The Measure of a Woman (or a Man)

My great-grandmother belongs to Haplogroup H, and I always feel a little bad for her. Not that I have anything against Haplgroup H’ers, but they got the short end of the stick. You see, currently all mtDNA sequences are compared to the Revised Cambridge Reference Sequence (rCRS), an mtDNA sequenced derived in the early 1980’s and recently updated. Since the source of most of the mtDNA for that sequence belonged to Haplogroup H, people who belong to Haplogroup H often have no deviations at all and their sequencing results tend to be a little boring. Imagine if your mtDNA testing company sends your results and they say: “You belong to Haplogroup H, and your deviations from the rCRS are as follows: 0.” You see, a little dull.

Comparing everyone’s mtDNA to a randomly chosen sequence has always seemed so artificial to me. It was out of necessity of course, and maybe it will only be temporary. A recent paper in Nucleic Acids Research proposes that with the ready availability of many full-length mtDNA sequences, researchers can begin to compose a ‘consensus sequence.’ For the non-geneticists out there, a consensus sequence is sort of a master mtDNA sequence, the result of comparing many (or all) mtDNA sequences to create a single sequence that they can be used to describe them all.

The study used 827 recent high-quality full-length mtDNA sequences to create a consensus sequence and analyze the variability of human mtDNA. First and foremost, it is important that this is the very earliest stages of this type of study, and hopefully future research will use thousands of sequences from all over the globe (and from many different time frames using ancient mtDNA).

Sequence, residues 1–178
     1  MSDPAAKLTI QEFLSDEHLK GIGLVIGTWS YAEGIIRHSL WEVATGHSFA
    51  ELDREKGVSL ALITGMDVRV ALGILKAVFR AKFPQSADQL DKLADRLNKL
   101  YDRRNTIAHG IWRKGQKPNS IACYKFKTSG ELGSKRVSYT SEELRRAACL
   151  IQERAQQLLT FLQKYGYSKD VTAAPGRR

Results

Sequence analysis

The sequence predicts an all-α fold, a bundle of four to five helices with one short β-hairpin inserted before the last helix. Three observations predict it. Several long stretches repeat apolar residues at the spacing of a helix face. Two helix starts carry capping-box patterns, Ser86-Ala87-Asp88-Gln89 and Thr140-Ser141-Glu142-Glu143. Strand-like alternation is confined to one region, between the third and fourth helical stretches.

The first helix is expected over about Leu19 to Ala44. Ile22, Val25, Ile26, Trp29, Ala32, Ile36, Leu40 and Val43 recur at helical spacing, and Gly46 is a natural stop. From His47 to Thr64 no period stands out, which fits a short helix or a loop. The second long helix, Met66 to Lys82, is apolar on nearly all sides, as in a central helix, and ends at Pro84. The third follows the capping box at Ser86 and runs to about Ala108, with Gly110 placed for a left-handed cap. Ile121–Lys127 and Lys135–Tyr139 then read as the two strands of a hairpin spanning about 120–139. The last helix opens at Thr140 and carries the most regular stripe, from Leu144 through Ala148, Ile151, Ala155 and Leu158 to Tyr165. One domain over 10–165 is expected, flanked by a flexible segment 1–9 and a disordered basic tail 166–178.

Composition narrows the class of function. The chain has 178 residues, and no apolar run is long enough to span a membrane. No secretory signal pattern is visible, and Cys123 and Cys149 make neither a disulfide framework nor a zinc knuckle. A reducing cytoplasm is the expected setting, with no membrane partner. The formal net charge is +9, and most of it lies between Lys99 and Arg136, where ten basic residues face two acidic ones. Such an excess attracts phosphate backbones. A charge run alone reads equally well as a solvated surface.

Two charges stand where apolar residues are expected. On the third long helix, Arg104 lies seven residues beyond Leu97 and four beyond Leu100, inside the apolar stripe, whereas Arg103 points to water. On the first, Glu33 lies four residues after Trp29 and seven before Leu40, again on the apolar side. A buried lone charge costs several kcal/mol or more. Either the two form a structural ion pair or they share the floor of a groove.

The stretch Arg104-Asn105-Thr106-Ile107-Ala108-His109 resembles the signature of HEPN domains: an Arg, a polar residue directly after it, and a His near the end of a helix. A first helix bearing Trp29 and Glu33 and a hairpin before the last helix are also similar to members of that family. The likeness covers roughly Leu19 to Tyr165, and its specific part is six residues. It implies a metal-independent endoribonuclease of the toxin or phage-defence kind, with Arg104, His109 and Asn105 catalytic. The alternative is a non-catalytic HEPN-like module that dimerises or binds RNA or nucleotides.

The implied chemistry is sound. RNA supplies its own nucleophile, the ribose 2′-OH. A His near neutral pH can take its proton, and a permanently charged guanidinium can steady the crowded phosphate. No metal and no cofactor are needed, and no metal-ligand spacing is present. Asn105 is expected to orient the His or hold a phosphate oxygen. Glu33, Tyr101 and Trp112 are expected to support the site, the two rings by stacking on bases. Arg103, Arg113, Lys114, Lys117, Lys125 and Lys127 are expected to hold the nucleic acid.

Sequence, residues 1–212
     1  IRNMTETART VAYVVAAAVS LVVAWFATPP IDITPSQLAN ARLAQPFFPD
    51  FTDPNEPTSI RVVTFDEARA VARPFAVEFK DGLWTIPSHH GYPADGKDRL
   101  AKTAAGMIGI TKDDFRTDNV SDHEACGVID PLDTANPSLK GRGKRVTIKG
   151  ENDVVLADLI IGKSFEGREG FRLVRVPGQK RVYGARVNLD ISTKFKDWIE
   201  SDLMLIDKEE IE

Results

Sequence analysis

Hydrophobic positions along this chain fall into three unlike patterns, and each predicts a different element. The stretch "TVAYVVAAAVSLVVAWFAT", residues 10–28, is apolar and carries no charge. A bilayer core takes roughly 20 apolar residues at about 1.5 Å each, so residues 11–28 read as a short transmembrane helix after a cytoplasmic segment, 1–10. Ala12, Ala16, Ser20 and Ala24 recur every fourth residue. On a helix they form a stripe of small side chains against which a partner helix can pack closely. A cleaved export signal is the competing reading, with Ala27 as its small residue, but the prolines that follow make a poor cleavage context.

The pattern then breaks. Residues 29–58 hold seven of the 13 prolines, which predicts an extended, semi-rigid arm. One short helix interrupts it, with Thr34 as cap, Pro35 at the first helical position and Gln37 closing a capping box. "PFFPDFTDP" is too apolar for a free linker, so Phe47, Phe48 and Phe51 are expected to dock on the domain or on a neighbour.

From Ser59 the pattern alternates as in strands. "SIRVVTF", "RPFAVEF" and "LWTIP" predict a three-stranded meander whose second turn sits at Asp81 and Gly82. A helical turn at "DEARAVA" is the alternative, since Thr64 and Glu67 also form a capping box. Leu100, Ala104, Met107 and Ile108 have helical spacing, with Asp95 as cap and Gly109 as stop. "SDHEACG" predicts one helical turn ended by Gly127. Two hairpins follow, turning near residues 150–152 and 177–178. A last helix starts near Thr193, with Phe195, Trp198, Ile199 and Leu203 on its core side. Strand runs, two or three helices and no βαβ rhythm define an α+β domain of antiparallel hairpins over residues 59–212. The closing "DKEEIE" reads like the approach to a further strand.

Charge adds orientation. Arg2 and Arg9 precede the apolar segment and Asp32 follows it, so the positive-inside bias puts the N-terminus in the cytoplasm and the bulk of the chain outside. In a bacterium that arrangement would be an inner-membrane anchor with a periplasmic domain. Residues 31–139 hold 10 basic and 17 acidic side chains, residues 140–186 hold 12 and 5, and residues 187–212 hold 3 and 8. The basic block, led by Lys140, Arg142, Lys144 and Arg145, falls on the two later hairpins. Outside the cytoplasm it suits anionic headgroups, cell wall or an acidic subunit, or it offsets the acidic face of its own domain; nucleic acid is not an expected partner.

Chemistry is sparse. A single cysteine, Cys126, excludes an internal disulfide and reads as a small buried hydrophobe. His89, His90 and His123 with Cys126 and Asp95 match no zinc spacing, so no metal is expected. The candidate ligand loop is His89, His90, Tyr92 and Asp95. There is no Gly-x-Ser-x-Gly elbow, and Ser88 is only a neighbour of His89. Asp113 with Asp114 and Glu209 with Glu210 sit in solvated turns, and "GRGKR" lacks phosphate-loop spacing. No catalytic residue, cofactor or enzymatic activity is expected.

From the sequences studied, fully 84.1% of the mtDNA genome was invariant! Additionally, 43.8% of the variable sites were ‘personal mutations’, mutations found only in a single sequence. One of the most interesting pieces of information was that the sequences differed from the consensus by 21.6 nucleotides. Thus (if this number holds true with further research), if you were to randomly pick a person off the street, your mtDNA sequence will only differ, on average, by 21 or 22 nucleotides. The full range, however, was from 5 to 89 nucleotides, a pretty big range:


Another great piece of information was the variance between the rCRS and the human consensus generated by the study – 73, 263, 325+C, 750, 1438, 2706, 4769, 7028, 8860, 11719, 14766, and 15326. Interestingly, “[t]his list exactly parallels the changes necessary to go from the rCRS (Haplogroup H2a) through each of the intermediate haplogroups, to macrohaplogroup R.”

Blaine Bettinger

Intellectual property attorney, genealogist, and author of The Genetic Genealogist since 2007


  1. I enjoyed that article, too, but I’m a bit skeptical that the “consensus sequence” will replace the CRS. There’s just too much literature that has reported differences from the CRS. I use the analogy of zero degrees longitude — that is a completely arbitrary starting point, but everything can be described in relation to it.

    If we did use the consensus sequence as a starting point, then two people chosen at random would differ FROM EACH OTHER at an average of 2 x 21.6 nucleotides, or about 43.

    The number of “private” mutations is encouraging for genetic genealogists hoping to narrow down their pool of matches to the closest relatives.

    One small typo — the rCRS differs from the consensus at 315+C (315.1C as genealogy companies report it), not 325+C.

  2. Ann – thanks for stopping by and leaving a comment. You make a great point about all the previous literature using the CRS – as I recall, even the scientists who released the rCRS adopted some unusual fixes so they wouldn’t upset all the literature that cited the CRS. And thank you for the typo fix!

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